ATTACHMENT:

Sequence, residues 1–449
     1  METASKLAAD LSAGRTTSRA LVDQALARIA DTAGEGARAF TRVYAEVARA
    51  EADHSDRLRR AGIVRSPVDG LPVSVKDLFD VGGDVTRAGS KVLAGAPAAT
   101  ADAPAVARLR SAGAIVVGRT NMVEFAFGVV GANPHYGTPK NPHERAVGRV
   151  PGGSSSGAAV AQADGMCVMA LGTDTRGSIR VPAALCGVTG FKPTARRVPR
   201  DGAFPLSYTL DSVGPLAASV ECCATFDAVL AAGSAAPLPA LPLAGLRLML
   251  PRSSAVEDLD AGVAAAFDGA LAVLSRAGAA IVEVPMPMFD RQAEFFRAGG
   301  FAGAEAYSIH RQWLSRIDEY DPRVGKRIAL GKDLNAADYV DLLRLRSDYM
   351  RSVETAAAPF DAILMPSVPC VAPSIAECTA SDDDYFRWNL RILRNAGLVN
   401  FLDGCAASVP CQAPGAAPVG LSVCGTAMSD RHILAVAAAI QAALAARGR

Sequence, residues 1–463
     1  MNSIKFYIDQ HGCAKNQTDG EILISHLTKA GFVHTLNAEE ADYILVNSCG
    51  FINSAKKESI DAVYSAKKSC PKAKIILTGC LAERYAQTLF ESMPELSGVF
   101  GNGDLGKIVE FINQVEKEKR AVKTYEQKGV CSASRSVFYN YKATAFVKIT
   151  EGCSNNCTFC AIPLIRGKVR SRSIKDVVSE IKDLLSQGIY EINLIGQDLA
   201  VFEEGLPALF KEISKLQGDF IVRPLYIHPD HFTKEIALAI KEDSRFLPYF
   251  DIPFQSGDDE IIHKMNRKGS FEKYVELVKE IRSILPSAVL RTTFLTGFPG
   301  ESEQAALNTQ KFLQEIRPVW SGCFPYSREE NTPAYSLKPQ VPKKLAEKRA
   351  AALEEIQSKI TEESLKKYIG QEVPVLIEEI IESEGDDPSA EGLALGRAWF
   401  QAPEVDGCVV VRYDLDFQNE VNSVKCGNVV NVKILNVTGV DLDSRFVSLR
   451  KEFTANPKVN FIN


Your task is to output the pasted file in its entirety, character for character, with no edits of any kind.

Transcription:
Sequence, residues 1–449
     1  METASKLAAD LSAGRTTSRA LVDQALARIA DTAGEGARAF TRVYAEVARA
    51  EADHSDRLRR AGIVRSPVDG LPVSVKDLFD VGGDVTRAGS KVLAGAPAAT
   101  ADAPAVARLR SAGAIVVGRT NMVEFAFGVV GANPHYGTPK NPHERAVGRV
   151  PGGSSSGAAV AQADGMCVMA LGTDTRGSIR VPAALCGVTG FKPTARRVPR
   201  DGAFPLSYTL DSVGPLAASV ECCATFDAVL AAGSAAPLPA LPLAGLRLML
   251  PRSSAVEDLD AGVAAAFDGA LAVLSRAGAA IVEVPMPMFD RQAEFFRAGG
   301  FAGAEAYSIH RQWLSRIDEY DPRVGKRIAL GKDLNAADYV DLLRLRSDYM
   351  RSVETAAAPF DAILMPSVPC VAPSIAECTA SDDDYFRWNL RILRNAGLVN
   401  FLDGCAASVP CQAPGAAPVG LSVCGTAMSD RHILAVAAAI QAALAARGR

Sequence, residues 1–463
     1  MNSIKFYIDQ HGCAKNQTDG EILISHLTKA GFVHTLNAEE ADYILVNSCG
    51  FINSAKKESI DAVYSAKKSC PKAKIILTGC LAERYAQTLF ESMPELSGVF
   101  GNGDLGKIVE FINQVEKEKR AVKTYEQKGV CSASRSVFYN YKATAFVKIT
   151  EGCSNNCTFC AIPLIRGKVR SRSIKDVVSE IKDLLSQGIY EINLIGQDLA
   201  VFEEGLPALF KEISKLQGDF IVRPLYIHPD HFTKEIALAI KEDSRFLPYF
   251  DIPFQSGDDE IIHKMNRKGS FEKYVELVKE IRSILPSAVL RTTFLTGFPG
   301  ESEQAALNTQ KFLQEIRPVW SGCFPYSREE NTPAYSLKPQ VPKKLAEKRA
   351  AALEEIQSKI TEESLKKYIG QEVPVLIEEI IESEGDDPSA EGLALGRAWF
   401  QAPEVDGCVV VRYDLDFQNE VNSVKCGNVV NVKILNVTGV DLDSRFVSLR
   451  KEFTANPKVN FIN